By Suchitra

This is a fabulous photo, taken against washing on a brothel roof with a basic camera by a child who was being nagged by a friend to take her picture. I love the strip of detail down the right hand side an the pastel colours and how the negative space on the left balances the business of the rest of the picture.

Did it involve a drone and a mega-pixel camera? No. Did it require a degree and a high tech lighting rig? No. It didn't even involve the use of a cheap portable reflector and a changeable lens. It required the love of photography and a willingness to find a place to place the friend and the effort to have the camera to hand and put it to her eye. There is so much we can from these kids.
I wanted to look at their images more so I ordered a copy of their book. You can find it here in the UK and here in the US.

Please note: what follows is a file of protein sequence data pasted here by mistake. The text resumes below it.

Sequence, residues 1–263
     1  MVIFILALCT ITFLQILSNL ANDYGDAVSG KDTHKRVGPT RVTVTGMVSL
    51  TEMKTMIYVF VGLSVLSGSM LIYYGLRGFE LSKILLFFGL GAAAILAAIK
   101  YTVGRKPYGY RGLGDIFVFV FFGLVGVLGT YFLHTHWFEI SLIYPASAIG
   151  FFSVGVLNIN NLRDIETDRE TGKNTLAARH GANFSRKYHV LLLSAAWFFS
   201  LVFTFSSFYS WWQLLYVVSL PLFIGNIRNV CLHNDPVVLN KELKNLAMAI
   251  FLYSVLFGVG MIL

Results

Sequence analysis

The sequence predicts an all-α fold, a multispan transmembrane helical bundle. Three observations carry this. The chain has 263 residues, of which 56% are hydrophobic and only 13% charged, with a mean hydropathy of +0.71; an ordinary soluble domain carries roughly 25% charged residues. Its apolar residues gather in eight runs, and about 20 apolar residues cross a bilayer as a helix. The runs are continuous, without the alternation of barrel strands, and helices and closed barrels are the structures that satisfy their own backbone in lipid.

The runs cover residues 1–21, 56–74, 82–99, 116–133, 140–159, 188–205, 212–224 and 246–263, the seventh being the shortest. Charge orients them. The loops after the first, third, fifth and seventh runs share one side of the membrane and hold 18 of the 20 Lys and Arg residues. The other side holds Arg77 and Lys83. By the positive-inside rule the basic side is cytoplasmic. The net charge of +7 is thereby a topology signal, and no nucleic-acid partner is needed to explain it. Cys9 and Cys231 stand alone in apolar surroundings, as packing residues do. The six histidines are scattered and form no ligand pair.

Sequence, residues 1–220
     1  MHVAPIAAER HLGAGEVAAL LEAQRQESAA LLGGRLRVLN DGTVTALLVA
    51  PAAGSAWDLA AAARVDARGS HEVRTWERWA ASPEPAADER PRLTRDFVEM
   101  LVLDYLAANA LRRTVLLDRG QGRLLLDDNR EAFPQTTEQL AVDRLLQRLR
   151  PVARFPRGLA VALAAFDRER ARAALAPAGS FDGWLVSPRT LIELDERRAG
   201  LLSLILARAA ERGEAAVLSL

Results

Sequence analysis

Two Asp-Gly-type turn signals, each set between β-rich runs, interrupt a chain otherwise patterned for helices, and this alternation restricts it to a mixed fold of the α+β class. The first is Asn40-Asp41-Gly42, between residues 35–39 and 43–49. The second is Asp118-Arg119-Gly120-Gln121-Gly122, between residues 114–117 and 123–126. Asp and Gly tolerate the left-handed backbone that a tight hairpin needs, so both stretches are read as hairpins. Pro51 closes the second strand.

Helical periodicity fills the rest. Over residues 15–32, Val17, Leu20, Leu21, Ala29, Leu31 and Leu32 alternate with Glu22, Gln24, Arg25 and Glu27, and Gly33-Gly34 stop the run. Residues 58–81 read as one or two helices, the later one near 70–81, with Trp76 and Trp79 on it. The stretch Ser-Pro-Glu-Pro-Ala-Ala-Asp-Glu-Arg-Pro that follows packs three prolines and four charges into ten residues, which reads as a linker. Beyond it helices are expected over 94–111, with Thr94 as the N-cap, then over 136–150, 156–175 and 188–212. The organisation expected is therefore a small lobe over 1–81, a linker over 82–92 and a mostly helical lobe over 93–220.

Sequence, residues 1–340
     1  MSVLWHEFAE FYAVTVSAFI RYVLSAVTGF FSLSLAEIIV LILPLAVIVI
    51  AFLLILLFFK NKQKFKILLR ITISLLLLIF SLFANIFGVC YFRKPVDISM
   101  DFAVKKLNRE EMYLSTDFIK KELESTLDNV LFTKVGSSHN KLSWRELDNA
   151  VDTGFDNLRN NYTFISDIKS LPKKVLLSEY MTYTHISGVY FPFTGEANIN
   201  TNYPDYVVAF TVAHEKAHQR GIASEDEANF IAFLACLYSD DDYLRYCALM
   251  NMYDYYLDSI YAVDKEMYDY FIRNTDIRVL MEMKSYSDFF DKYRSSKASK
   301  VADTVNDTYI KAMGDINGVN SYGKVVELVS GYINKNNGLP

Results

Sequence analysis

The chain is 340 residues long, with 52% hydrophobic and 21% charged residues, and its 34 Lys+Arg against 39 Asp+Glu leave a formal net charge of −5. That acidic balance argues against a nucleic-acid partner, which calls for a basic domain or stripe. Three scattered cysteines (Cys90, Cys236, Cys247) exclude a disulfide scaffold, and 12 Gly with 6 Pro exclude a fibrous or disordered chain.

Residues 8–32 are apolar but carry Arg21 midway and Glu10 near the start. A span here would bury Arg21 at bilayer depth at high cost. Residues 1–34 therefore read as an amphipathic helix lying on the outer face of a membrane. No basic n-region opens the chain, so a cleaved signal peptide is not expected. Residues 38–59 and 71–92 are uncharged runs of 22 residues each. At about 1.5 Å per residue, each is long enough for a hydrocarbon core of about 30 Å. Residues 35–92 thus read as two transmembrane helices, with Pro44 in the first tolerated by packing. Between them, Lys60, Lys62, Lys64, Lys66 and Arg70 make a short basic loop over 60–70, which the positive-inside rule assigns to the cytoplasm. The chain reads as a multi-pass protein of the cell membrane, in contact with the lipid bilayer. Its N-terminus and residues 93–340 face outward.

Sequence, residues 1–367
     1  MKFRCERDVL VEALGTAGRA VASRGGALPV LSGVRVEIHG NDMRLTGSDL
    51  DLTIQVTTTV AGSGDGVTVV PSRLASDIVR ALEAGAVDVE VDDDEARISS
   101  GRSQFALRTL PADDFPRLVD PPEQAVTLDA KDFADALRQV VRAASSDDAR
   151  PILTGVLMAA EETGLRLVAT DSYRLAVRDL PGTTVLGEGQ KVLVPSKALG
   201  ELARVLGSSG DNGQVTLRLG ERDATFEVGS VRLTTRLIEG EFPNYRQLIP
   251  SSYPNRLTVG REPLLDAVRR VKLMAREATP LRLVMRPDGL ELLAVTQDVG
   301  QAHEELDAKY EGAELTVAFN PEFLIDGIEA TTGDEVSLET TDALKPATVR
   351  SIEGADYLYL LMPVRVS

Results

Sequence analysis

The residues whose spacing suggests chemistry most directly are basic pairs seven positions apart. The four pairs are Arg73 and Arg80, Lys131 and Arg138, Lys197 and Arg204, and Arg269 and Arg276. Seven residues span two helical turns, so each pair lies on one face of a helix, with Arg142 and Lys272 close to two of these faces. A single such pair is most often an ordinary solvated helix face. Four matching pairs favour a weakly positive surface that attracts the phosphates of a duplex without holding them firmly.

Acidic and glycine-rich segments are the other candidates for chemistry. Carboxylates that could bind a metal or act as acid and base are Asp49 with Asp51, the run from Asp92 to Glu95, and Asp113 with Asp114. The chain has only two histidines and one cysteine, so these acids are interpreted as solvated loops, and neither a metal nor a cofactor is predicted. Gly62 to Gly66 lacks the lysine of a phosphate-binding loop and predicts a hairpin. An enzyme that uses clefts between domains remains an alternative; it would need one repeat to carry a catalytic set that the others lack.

So, now I am looking forward to watching the Ansel Adams film which should be totally different!
Until Next time,

Friday, 30 January 2015

Born into Brothels

Helen's pick for #2 in our photography movie series was "Born into Brothels: Calcutta's Red Light Kids," a 2005 Academy Award winning documentary film from filmmakers Zana Briski and Ross Kaufman.  I have to confess, I was apprehensive at first, not appreciating what it would have to do with photography as I knew nothing about it before I started watching.  I hunted it down -- finally found it available (in full, for free!) on Youtube, here.

Documentary filmmaker Zana Briski went to photograph and film the prostitutes of Calcutta's red light district. But along the way, she realized that kids were everywhere living in the brothels.  She started a photography class, giving the kids cameras and teaching them how to use them, how to compose, what makes a good photograph.